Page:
Paul Aldersley, Offshore Surveyor at Andrews Survey, took the risk of retraining after a very rewarding career as CEO of YMCA South Devon. Graduating at 51, Paul shares his experience of an alternative pathway into hydrographic surveying.
Why did you choose to study Hydrography at University?
When I left school in 1983, far fewer people went to university than do today (I think about 6% went then while something like 52% go now). I had no idea what I wanted to do for a living and so decided to look for work and see where things went from there.
After a variety of jobs, I ended up working for a charity I had volunteered with while at school. I ended up working in the charity sector for 25 years reaching the position of CEO of a sister charity to the one I had started with.
However, I have always loved the sea and wanted to work in or around it in some way. Although I am a recreational scuba instructor and a part 4 commercial diver, neither of these offered practical careers at my stage of life. By chance, conversations with two different people led me to thinking about offshore surveying.
I was very lucky to live in Plymouth as Plymouth University is one of very a few places who offer a specifically hydrography focused degree. Being established in Plymouth with my wife in a good job and children at school this made studying hydrography a practical possibility and so, I took the leap, gave up my job and went for the degree.
What do you do on a daily basis?
This is a difficult question to answer as no two jobs are the same and no two days on a job are the same. The kind of work we undertake ranges from cable lay (I have worked on a fibre optic cable lay for internet right across the Atlantic) to various jobs on windfarms, dive support jobs and so on.
In broad terms a day involves a 12-hour shift (day or night). Work can be ‘online’ – running live survey work, often with Remote Vehicles in the water – acquiring survey data. Or it can be ‘offline’ – processing survey data into a format required by our clients.
Depending on the job I might work as a part of a team – for example last year we were on a job surveying a route for unexploded ordnance and historic wrecks. I was part of a team of eight, four on each shift. On other jobs, there is just one surveyor on each shift.
The shift starts with a handover from your opposite number. A day’s online survey work can include monitoring and recording divers while they work on the seabed, running surveys of specific seabed infrastructure and recording and guiding the positioning of equipment being placed on the seabed.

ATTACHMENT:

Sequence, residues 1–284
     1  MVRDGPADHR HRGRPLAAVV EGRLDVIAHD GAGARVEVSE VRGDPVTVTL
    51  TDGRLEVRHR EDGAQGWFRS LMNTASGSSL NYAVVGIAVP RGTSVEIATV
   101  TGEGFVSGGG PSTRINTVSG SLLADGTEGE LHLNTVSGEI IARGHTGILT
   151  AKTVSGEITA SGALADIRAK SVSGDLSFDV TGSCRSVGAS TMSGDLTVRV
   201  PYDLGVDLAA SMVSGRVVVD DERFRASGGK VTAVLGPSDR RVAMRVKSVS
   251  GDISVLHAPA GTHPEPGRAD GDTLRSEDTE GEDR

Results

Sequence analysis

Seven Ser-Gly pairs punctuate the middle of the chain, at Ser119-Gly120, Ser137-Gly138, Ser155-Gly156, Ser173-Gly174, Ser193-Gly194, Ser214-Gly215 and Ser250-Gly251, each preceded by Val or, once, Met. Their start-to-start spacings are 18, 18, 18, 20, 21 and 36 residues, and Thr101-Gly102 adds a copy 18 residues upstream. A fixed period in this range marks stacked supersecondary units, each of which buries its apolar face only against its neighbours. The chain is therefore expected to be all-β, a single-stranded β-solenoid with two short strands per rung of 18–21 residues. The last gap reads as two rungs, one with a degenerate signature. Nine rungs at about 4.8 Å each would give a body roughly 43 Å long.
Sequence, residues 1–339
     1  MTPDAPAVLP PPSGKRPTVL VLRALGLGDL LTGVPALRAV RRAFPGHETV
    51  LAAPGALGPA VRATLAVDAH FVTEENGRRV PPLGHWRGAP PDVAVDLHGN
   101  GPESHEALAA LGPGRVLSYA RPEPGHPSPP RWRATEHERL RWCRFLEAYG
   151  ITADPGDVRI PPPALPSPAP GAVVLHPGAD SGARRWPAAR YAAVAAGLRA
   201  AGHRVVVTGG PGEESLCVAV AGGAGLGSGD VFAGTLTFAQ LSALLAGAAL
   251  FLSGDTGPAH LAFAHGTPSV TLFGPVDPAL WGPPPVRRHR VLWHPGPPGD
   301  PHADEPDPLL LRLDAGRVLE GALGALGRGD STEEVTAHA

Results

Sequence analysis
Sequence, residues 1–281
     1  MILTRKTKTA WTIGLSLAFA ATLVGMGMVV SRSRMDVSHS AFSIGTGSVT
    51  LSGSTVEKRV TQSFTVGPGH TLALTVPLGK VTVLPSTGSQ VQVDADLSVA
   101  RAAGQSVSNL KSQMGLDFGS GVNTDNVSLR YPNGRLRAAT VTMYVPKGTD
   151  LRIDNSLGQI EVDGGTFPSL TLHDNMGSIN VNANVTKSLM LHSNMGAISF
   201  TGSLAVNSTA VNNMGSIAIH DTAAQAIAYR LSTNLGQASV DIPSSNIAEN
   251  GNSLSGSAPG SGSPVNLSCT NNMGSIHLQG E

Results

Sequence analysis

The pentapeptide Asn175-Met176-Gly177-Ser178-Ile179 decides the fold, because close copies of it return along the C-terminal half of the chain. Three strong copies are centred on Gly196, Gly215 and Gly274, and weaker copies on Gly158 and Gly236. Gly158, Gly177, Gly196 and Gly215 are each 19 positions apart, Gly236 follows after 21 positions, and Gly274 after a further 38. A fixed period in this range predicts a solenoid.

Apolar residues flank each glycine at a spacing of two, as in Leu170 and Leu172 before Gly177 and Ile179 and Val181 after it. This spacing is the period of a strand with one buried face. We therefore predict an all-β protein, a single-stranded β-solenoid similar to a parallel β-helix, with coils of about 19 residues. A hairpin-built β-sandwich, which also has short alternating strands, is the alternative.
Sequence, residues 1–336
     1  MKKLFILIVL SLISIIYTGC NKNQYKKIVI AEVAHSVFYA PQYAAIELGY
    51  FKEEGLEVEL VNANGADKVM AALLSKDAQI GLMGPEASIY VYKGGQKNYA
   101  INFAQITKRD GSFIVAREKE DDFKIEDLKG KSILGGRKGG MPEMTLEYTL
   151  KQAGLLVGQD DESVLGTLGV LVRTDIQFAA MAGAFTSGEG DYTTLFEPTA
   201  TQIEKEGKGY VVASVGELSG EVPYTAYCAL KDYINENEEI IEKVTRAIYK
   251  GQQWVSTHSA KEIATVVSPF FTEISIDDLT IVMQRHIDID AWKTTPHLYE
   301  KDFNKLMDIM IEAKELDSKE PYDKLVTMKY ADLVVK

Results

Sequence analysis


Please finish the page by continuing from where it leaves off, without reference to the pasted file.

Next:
If the particular job I am on is ‘offline’ work on then it will be processing the latest data, cleaning it and formatting it into whatever form the client requires.
In addition to this there is the daily reporting, record keeping and so on.
Describe a highlight of your career.
Having been in the industry for just 4 years, I don’t really feel qualified to call it a career quite yet but if I might cheat a bit and mention a few things I love about the job.
I really enjoy working with such a variety of people, both those working directly with me and the other people on the ships. Working with people from all over the world from so many different backgrounds but who are all working in their own skill areas to produce a single result is very rewarding.
I really enjoy the new experiences the job has given me – I travelled more in my first year offshore than the rest of my life. I have seen volcanos and hurricanes, worked in some of the most remote parts of the world and have seen so much wildlife.
I hesitate to say this last one because it is incredibly nerdy, but I also get great satisfaction when I am able to see a good result from my work – whether that is survey data or a final report. In my previous career, we worked with challenging young people. Although that was very rewarding and we sometimes saw some amazing results, more often than not you never knew whether the work you had done had paid off. At the end of a trip offshore you can look at your work and say, “I did that”. It’s a great feeling.
What advice do you wish you could give your younger self?
I think the world was very different for school leavers when I was that age. Certainly, in my school we were given the impression that, if you did not go to university, you had failed and, when you did decide on a career, that was it, for life.
I wish I had realised that it is OK to try something out and decide it is not for you and change. I feel lucky that I have been able to change pretty late in life, but it was not easy for myself or my family.
I work hard with my own children to encourage them to take risks, have a go and know that it’s OK to decide that was a blind alley and try something else.
It’s not failure, it’s evolution.